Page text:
- Published: 29 October 2020
- ISBN: 9780241402481
- Imprint: Penguin
- Format: Trade Paperback
- Pages: 336
- RRP: $24.99
The Magpie Society: One for Sorrow
The night she died, all our phones were turned off.
The police didn’t believe us.
Kids don’t go anywhere without their mobile phones, they said. You expect us to believe you weren’t Snap-facing or Insta-bookingor whatever it is you kids do thesedays at your end-of-term party? That not a single person took a selfie or boomerang or video?
We all had the same answer: No.
They checked our phones anyway. Logged into our clouds. But there was nothing to find.
The detectives discovered a scrap of paper at the scene. It was one of the posters that had been stapled to the driftwood gate that marked the entrance to the steps down to the beach. It said in big, bold letters: NO PHONES, NO CAMERAS, NO SOCIAL MEDIA, NO EXCEPTIONS!
As if anyone at the party needed a reminder. Because that was the whole point: we’d wanted a chance to switch off. To have a party that wouldn’t be documented, to dance the night away in blissful anonymity, to have memories that couldn’t be fact-checked by photographs and videos. No one broke the rules. No one wanted to. We all had eagle eyes when it came to spotting the telltale glow of a smartphone screen, or the glint of a camera lens.
Some of us might break a law or two, if we felt compelled. But disobey the rules of our end-of-term party? No one would dare.
The police officer rolled his eyes as he interrogated us one by one. You mean to say you all followed these rules? I don’t believe you.
But we had nothing to show him. That was the truth. So he asked us to tell him instead.
The beach was alive that night. The bonfire was lit, the flames leaping up into the sky. Some of the logs flashed green as they burned, choked with salt from the sea. As we danced on the beach, our shadows stretched up the chalk cliffs looming over the horseshoe bay so that it looked as if the cliffs were moving. Waves crashed in the distance, the low tide leaving the sand littered with seaweed and shells. The summer evening was warm, the start of another British heatwave.
And, of course, it was rammed with us. Out of uniform, it was harder to tell who was who. Ironic, wasn’t it, that a uniform designed to make us all look the same actually became a blank canvas on which we could showcase our individuality? Now, in our normal clothes, we looked like regular teens. But we weren’t.
We were students of Illumen Hall.
That’s what made this party different. At other times of the year, students from nearby schools would come to our events – our Samhain party was legendary and if you missed our Christmas Extravaganza, you might as well say goodbye to any semblance of a social life.
But the end-of-term beach party was ours. We lived together for the whole year and, whether you enjoyed your time at school or not, separating for the summer suffused everyone with a sense of melancholy. No matter how hard you tried to avoid it, if you were one of the chosen 600 who attended Illumen Hall, you were woven into the fabric of the school. Summer split us apart and this party was a final memory to sustain us through two months of enforced separation.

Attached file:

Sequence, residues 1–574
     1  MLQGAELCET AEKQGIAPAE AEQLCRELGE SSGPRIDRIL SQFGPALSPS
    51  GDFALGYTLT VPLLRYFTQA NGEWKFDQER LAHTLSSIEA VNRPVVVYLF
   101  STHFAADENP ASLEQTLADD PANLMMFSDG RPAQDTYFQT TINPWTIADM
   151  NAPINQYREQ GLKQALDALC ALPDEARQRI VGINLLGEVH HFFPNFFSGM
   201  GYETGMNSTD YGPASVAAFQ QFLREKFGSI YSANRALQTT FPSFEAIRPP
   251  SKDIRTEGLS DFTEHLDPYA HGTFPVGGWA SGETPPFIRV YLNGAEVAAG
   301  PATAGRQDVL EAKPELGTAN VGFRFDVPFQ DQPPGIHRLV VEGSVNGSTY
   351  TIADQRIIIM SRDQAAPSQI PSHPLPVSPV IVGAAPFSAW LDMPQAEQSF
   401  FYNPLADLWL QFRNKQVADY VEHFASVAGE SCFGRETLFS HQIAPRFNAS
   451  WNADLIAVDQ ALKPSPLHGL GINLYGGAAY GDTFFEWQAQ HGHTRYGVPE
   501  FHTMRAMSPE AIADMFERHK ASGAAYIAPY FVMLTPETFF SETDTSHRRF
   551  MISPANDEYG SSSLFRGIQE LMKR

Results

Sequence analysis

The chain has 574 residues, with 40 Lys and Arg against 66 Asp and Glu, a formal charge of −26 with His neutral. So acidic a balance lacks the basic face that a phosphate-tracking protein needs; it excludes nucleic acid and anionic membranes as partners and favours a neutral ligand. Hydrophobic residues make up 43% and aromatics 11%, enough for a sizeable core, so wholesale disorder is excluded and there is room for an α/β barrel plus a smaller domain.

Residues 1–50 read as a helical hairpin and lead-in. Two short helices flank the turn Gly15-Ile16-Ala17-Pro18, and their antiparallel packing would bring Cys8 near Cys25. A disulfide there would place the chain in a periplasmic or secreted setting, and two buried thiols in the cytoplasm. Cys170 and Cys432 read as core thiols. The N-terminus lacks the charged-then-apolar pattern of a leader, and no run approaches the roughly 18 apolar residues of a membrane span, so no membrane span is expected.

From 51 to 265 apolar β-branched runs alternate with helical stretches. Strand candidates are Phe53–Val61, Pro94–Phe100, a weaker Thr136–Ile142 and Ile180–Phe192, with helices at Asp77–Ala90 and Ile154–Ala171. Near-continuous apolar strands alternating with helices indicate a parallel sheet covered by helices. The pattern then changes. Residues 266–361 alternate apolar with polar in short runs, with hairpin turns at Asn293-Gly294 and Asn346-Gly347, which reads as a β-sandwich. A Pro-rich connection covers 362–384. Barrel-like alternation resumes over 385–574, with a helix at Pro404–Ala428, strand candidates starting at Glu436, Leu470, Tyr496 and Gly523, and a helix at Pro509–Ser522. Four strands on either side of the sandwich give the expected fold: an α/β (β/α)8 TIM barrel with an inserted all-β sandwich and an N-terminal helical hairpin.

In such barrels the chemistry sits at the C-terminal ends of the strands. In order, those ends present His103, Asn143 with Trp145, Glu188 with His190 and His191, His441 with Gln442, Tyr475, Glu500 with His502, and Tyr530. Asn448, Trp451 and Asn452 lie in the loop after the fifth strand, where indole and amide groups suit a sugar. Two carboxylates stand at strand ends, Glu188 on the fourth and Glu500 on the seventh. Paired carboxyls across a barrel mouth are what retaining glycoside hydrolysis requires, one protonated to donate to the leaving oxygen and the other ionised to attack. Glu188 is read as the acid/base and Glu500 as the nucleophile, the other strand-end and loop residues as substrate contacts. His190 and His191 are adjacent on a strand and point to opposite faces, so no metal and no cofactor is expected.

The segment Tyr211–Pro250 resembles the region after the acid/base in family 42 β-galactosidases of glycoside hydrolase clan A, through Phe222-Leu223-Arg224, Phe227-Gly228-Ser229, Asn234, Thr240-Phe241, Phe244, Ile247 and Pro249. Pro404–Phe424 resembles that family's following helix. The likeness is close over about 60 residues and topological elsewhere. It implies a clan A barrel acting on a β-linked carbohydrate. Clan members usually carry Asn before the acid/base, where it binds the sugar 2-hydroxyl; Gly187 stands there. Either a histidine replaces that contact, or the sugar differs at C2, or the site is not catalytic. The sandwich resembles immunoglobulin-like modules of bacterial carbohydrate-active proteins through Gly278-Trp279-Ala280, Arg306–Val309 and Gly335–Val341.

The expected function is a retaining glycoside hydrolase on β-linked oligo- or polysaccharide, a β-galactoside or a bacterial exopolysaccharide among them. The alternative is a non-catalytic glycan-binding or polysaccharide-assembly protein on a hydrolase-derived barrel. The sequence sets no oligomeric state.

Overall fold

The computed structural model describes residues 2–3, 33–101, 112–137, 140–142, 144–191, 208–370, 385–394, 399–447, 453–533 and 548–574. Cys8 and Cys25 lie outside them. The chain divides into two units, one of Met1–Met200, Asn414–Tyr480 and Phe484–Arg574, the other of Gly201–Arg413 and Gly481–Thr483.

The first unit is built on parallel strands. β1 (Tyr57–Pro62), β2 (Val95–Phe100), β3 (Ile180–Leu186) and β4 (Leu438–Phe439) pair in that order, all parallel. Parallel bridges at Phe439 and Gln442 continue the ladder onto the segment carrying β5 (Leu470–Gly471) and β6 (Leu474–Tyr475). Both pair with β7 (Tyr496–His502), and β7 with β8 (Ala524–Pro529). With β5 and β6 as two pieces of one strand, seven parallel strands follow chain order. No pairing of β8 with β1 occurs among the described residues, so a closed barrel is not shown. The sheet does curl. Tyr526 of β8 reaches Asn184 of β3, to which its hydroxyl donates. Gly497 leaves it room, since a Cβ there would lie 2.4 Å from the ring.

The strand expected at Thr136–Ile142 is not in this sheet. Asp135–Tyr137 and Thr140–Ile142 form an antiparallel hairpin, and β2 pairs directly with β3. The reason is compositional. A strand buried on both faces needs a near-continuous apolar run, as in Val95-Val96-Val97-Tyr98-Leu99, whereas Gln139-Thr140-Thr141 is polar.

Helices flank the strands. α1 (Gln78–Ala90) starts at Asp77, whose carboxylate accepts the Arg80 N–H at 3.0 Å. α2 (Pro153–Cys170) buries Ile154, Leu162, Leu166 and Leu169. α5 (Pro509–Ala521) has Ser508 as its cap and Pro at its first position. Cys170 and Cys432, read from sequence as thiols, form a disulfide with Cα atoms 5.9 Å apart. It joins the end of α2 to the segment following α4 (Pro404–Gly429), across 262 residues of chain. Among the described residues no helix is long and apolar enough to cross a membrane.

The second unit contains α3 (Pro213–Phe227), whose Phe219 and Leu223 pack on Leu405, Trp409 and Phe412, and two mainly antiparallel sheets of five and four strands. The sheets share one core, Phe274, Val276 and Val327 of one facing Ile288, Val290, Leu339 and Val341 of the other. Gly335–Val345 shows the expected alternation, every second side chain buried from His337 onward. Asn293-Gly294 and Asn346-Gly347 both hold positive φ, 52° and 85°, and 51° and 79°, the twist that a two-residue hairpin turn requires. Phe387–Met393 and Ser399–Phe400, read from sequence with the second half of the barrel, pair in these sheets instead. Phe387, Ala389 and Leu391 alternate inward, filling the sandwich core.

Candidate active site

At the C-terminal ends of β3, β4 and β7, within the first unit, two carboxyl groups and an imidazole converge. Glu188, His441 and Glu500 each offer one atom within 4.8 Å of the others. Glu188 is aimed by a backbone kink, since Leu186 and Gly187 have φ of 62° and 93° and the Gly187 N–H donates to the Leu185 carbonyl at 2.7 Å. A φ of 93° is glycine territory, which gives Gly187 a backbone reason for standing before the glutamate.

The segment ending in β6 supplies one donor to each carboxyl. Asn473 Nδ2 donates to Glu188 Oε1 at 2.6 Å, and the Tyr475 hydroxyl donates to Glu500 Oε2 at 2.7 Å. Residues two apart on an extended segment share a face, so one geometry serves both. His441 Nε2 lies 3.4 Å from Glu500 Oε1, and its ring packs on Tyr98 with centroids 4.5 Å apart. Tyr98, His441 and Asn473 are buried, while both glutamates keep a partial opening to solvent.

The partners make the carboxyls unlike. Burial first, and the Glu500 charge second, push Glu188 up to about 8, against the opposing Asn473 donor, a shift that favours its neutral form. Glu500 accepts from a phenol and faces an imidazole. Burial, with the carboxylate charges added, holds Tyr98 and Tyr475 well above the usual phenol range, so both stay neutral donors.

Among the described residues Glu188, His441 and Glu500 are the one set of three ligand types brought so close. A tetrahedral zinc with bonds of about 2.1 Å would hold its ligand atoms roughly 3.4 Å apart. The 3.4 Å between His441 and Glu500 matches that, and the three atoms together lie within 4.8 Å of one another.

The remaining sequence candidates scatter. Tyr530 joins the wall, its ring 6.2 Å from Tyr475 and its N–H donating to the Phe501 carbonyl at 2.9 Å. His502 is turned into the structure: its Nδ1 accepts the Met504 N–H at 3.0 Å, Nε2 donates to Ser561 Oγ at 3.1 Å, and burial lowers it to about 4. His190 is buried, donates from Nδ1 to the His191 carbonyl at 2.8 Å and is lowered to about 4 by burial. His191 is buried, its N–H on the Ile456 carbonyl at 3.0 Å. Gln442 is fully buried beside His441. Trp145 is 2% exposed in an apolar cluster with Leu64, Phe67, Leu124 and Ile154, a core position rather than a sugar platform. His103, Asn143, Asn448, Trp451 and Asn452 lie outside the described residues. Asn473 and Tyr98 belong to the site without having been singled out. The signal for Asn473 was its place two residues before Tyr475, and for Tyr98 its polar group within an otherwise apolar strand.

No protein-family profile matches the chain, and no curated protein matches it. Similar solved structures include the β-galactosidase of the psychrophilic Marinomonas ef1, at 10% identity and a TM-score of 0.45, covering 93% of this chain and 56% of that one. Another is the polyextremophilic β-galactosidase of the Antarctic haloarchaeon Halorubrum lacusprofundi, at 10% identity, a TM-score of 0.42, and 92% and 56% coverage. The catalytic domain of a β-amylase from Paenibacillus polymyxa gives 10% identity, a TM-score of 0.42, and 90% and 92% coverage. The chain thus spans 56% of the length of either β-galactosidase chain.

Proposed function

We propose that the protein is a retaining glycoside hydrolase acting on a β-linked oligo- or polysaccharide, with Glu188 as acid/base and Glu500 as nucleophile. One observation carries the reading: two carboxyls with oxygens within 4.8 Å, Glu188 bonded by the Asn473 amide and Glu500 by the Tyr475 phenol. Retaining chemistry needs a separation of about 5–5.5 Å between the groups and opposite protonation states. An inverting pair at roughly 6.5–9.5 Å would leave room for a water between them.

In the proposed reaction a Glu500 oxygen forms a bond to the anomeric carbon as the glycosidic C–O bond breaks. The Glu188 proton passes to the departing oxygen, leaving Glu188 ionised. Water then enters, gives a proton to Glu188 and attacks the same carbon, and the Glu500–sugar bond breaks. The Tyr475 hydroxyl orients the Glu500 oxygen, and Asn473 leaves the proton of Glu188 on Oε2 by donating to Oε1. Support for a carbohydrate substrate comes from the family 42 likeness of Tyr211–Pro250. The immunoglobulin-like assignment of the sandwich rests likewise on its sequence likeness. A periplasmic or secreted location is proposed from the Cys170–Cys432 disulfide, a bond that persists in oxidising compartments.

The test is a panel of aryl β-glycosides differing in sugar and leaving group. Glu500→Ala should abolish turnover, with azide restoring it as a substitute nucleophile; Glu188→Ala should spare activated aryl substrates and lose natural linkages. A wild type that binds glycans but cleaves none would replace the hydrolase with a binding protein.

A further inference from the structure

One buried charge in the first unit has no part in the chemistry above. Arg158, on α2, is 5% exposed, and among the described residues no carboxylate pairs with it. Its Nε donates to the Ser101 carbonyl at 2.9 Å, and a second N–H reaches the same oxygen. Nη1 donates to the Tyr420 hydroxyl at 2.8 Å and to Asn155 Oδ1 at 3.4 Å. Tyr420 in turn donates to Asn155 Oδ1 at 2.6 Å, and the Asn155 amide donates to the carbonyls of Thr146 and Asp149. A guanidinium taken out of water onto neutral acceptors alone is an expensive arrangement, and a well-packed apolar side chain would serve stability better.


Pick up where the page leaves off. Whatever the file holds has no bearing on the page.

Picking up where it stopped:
The smell of charcoal permeated the air. The logs snapped and crackled with the heat, sending up blisters of embers into the rapidly darkening sky. Combined with low house beats and swaying bodies, it was intoxicating – or maybe that was just the copious amounts of alcohol that flowed into our paper cups.
The tide crept in as the hour grew later, until the bay was almost cut off and the only way out was back up the rough-hewn steps cut into the cliff face. It was all beautiful: us, the sand, the waves and the fire.
A blood-curdling scream sliced through the music. The crowd of writhing bodies froze. Then there was a surge, a ripple of panic that leaped from person to person. The screaming continued, the music snapped off, and we rushed as one down towards the water.
The screaming was coming from the sea. A figure was standing by the water. The sun had disappeared from the horizon, but there was enough ambient light to see by.
A body lay on the sand, waves lapping at the soles of her feet. She was on her front, but her head was tilted to one side, her lips tinged an unnatural blue.
Pale skin, blue lips, tangled strands of hair, twisted limbs.
And, on her back, an elaborate tattoo of a magpie, every detail intricately laid out across her shoulder blades, which jutted out on either side of her spine as sharp as knives. The bird’s wings were stretched out so that the edges of the feathers curled across on to her collarbone, and the tail feathers disappeared beneath the back of her dress.
A voice. ‘Go back to town and call the police. She’s dead.’
‘The full moon rose over us,’ Layla sang, while she carefully joined two pieces of metal together in the broiling, cramped welding bay.
Mary Lawson was the first to die. Leaving Euston station shortly before 6.45 a.m, she made straight for her favourite breakfast stall.
The sun set at six minutes to four. Kay lay stretched out on the floor, reading the very small print on the back of the newspaper.
Look, I didn’t want to be a half-blood. If you’re reading this because you think you might be one, my advice is: close this book right now.
My father built the house on Langely Lake for my mother, in the town she grew up in.